After its existing Mirage IIIs simply wore out and had to be retired at the end of 2005, FAB Command worked out a plan to find an emergency interim replacement. The final choice was 12 second-hand French Mirage 2000Cs. The airframes selected by Brazil were produced for France between 1984 -1987, and began arriving in Brazil in 2006.

Inducting 20 year old aircraft is not a long-term solution. Especially for a country that reportedly has about 37% of its 719 plane air force grounded, due to age and the toll Brazil’s environment takes on machines of all types. Like many of its neighbors, Brazil is also becoming more and more concerned about Venezuelan dictator Hugo Chavez’s large arms purchases, and his aggressive activities within the region. This is especially true in Bolivia, which supplies an important percentage of Brazil’s natural gas.

Brazil actually has a reasonably solid mid-tier to its air force. Its Brazilian-Italian AMX subsonic light attack jets and indigenous Super Tucano COIN/surveillance turboprops are quality offerings within their respective niches, and they are backed up by a small but advanced set of airborne, ground looking and maritime radar aircraft based on Embraer’s ERJ-145 business jets. They will be augmented by 12 refurbished P-3 Orions bought to patrol Brazil’s huge coast and maritime economic zone.

The high end of the FAB’s fighter fleet, however, is inferior even when judged by regional standards. This might not be a huge concern if its neighbors possessed only short-range or limited capability fighters. Venezuela’s large defense expenditures, especially its recent purchase of long-range, 4+ generation SU-30MK2 fighters instead of more clearly defensive alternatives like the MiG-29, appear to have had the effect of triggering countermoves in several quarters. Even so, Lula’s government is careful to stress that this is not about an arms race. Defense Minister Nelson Jobim reportedly said in a 2007 public speech that:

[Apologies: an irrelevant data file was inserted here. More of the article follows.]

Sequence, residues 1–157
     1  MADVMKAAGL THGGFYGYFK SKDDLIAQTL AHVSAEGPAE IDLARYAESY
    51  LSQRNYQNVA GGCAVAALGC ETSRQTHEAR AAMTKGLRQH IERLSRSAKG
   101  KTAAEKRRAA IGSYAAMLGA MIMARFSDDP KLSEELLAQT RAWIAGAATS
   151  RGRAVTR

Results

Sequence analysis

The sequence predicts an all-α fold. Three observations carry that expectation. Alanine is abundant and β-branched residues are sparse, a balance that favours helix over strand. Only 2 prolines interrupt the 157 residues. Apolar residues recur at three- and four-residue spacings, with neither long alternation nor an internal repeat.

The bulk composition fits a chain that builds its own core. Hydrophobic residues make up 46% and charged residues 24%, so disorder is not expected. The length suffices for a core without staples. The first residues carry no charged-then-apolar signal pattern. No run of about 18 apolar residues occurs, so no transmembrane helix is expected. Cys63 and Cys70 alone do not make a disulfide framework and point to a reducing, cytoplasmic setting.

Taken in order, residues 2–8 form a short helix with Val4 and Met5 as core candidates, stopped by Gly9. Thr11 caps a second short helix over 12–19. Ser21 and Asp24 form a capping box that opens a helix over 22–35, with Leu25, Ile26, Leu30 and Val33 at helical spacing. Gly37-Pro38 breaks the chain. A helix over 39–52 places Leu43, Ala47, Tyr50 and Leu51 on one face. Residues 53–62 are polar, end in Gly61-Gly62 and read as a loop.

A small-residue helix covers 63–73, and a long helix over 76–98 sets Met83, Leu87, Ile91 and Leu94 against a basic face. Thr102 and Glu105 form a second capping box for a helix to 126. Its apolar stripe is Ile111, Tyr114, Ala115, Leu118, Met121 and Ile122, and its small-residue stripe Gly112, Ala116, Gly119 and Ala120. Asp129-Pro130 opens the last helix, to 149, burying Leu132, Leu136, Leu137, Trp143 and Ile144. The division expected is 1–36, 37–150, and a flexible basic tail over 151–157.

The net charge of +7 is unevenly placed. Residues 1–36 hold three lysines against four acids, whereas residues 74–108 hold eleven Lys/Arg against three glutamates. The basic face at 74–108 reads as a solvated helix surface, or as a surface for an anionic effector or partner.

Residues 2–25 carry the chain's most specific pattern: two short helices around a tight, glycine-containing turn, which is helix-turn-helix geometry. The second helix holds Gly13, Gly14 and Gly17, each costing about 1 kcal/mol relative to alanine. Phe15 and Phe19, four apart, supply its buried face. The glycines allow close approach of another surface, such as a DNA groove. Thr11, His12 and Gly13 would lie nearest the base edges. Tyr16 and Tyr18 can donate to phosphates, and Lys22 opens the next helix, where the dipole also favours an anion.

“Brazil has well established, peaceful relations with all South American nations … one of our political priorities is economic and structural integration of the region … (and in 2008) we’ll also be strengthening our military links…. [Brazil cannot] neglect its defense. Therefore, we will increase our budget outlays and investment in the army, navy and air force by more than 50 percent…. [Brazil] is elaborating a national strategy defense plan that will determine each military branch’s mission and the equipment it needs for its activities”.